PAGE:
She’d been messing with me!

it highlighted something I’d not really thought about as that score line got higher though. For those of you who’re not aware, Brazil has the largest settlement of Germans outside of Germany. As a pale guy with a pair of blue eyes, every once in a while I’m sometimes mistaken for someone of German ancestry…which would be fine had I not been mistaken on the day the country was being crushed by the Germans!

When the sixth goal went in, people around me began to applaud and whistle at the screen. They’d clearly had a little time to accept the inevitable, and their shock had given way to a respectful acknowledgement of their opponents. Then when the final whistle sounded someone stood up and screamed in mock surprise, “I’m really confused. When are the penalties!?!”

Brazil is a country famous for its football, but what happened immediately after wasn’t nearly as devastating as I was expecting (or as some of the media may have you believe). I wasn’t walking past Brazilians on my way home who were sobbing into shop doorways, burning buildings or going on violent rampages. I’ve read that there were some instances of this happening, however as I walked from one area of the to another to meet a friend, I didn’t see ANYTHING like this. In fact, given that most people I know either went straight home to nurse their pride or stayed out to continue drinking, these reports surprised me. But I guess in a football loving country of almost 200 million people, incidents like that are bound to happen after such a big loss.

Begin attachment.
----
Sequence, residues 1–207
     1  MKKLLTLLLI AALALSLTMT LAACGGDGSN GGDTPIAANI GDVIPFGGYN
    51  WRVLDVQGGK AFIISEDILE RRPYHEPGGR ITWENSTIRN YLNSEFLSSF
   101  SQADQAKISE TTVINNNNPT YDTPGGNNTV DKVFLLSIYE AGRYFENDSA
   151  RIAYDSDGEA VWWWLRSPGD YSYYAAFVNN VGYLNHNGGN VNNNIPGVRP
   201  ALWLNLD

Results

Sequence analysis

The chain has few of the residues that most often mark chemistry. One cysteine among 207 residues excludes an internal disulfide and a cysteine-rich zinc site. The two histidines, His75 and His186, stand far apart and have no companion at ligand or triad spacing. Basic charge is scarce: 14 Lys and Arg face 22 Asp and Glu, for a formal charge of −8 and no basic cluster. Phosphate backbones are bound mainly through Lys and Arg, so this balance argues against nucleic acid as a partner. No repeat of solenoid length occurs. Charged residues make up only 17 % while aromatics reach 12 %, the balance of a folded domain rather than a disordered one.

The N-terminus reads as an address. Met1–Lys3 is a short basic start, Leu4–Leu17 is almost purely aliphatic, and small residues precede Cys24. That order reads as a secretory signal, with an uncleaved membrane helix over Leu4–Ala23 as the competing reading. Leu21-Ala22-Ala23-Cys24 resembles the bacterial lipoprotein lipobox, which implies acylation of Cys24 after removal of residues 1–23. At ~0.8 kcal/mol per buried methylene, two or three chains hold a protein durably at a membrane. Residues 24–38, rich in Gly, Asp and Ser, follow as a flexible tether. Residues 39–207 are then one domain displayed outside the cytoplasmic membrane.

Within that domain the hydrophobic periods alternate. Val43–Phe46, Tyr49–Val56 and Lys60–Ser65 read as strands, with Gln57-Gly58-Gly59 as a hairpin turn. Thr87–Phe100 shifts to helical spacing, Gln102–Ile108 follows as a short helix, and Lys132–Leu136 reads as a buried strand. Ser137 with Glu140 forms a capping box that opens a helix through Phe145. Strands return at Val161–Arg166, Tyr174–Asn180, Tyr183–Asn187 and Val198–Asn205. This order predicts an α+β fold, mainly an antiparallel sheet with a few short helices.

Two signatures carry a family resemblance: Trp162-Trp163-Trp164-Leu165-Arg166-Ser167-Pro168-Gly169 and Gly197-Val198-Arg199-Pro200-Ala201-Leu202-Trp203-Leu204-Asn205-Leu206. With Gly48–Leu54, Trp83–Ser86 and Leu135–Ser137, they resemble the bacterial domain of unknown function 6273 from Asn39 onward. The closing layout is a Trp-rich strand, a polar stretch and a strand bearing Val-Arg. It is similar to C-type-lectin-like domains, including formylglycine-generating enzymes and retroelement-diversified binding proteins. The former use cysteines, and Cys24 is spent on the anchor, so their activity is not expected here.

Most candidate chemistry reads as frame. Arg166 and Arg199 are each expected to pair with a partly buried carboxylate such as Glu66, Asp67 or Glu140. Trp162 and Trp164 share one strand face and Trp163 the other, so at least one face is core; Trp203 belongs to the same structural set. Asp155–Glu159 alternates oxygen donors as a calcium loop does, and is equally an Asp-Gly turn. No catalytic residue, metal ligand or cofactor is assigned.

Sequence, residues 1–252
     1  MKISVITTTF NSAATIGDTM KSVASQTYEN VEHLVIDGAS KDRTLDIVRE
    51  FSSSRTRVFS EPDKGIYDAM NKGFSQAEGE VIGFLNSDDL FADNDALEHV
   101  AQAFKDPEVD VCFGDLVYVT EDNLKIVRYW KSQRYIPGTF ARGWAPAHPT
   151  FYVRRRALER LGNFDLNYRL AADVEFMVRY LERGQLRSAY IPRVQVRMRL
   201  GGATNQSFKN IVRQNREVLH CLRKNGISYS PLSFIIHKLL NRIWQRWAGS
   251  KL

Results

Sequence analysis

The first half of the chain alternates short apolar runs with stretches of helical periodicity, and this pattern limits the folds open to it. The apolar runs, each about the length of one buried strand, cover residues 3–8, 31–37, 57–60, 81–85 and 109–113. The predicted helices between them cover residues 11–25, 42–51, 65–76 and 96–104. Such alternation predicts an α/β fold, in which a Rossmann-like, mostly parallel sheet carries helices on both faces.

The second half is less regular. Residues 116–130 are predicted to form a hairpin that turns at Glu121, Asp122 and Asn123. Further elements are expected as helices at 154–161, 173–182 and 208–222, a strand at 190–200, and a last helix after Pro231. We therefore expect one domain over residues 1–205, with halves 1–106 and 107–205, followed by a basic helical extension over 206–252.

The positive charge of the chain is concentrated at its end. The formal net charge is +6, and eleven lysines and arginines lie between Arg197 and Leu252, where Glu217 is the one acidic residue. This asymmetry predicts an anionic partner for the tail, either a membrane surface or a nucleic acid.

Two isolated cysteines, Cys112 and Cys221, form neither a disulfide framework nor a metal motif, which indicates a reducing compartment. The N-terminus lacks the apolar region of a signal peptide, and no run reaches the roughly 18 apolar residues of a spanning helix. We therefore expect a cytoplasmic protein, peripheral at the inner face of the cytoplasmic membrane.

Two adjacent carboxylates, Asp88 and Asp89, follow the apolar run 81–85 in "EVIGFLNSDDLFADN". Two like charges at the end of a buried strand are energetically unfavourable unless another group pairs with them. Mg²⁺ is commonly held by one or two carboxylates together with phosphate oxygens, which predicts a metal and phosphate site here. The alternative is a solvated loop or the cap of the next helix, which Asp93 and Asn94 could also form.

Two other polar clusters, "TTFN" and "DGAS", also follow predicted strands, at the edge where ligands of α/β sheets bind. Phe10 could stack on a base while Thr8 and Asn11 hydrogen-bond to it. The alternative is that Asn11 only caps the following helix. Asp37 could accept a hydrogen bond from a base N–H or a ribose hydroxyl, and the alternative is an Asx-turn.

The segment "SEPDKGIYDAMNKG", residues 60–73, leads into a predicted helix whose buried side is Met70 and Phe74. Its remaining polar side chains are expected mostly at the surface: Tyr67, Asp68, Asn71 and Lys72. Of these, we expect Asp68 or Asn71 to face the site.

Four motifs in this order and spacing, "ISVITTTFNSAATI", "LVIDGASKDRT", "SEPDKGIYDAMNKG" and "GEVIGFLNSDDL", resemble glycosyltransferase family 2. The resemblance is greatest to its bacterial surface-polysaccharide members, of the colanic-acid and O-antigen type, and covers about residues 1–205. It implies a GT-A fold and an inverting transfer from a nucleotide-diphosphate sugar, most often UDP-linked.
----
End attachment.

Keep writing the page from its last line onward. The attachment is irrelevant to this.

Once I’d met my friend, we sat down, ordered beers and then I excused myself to go to the bathroom. When I returned I found my friend grinning at me. As soon as I’d left, a concerned Brazilian woman had gone over to advise my friend that I should be careful. “Being German in place full of Brazilians might be dangerous for him, make sure you tell him!”

jacko

From that moment on I made sure my Brazil scarf was clearly visible around my English neck!

This semi-final put a dampener on the night for many, but those sad looking faces in the stadium and on Copacabana beach during the game certainly aren’t the faces I’ve seen on the streets of the city since (even after the third place play-off!). The result has definitely stung, but I’ve actually been surprised by how self-deprecating many Brazilians have been since their defeat. They’ve had to swallow a large dose of humble pie; but those I’ve talked to have done so with a commendable amount of humour…something I’ve found very endearing. My favourite example of this came from my friend Carlos during the half time break.

“I really can’t believe itl” he exclaimed, as if waking up to what the five goals meant for Brazil. In attempt to cheer him up I turned to him and said, “Do you know what? Brazil has played badly in one game. England left the competition weeks ago. As an Englishman I’ve never seen my country win the World Cup. You’ve seen this happen twice in your lifetime with Brazil, I can’t even begin to imagine what that’s like! So you shouldn’t be too sad!”

He rolled his eyes. “Andrew, please don’t compare English football with Brazilian football. Not now. I don’t have time for this!” Then he then flashed me a meaningful grin, one that communicated everything he wanted to say. ‘Don’t even think about mocking me. We might be losing by a hell of a lot, but when it comes to football…I’m still Brazilian!’